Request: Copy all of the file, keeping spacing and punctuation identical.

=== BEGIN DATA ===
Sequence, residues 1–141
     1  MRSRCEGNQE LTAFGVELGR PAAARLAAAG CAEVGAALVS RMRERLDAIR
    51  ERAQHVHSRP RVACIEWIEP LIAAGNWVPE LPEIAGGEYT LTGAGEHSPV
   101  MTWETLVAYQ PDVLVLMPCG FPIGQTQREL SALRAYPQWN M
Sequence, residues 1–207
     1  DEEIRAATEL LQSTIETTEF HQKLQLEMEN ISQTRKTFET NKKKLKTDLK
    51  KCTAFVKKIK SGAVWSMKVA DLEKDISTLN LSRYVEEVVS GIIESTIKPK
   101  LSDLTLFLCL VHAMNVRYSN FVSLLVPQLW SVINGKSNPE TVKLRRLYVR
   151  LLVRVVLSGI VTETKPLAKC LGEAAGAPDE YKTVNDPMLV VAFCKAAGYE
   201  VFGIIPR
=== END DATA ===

Sequence, residues 1–141
     1  MRSRCEGNQE LTAFGVELGR PAAARLAAAG CAEVGAALVS RMRERLDAIR
    51  ERAQHVHSRP RVACIEWIEP LIAAGNWVPE LPEIAGGEYT LTGAGEHSPV
   101  MTWETLVAYQ PDVLVLMPCG FPIGQTQREL SALRAYPQWN M
Sequence, residues 1–207
     1  DEEIRAATEL LQSTIETTEF HQKLQLEMEN ISQTRKTFET NKKKLKTDLK
    51  KCTAFVKKIK SGAVWSMKVA DLEKDISTLN LSRYVEEVVS GIIESTIKPK
   101  LSDLTLFLCL VHAMNVRYSN FVSLLVPQLW SVINGKSNPE TVKLRRLYVR
   151  LLVRVVLSGI VTETKPLAKC LGEAAGAPDE YKTVNDPMLV VAFCKAAGYE
   201  VFGIIPR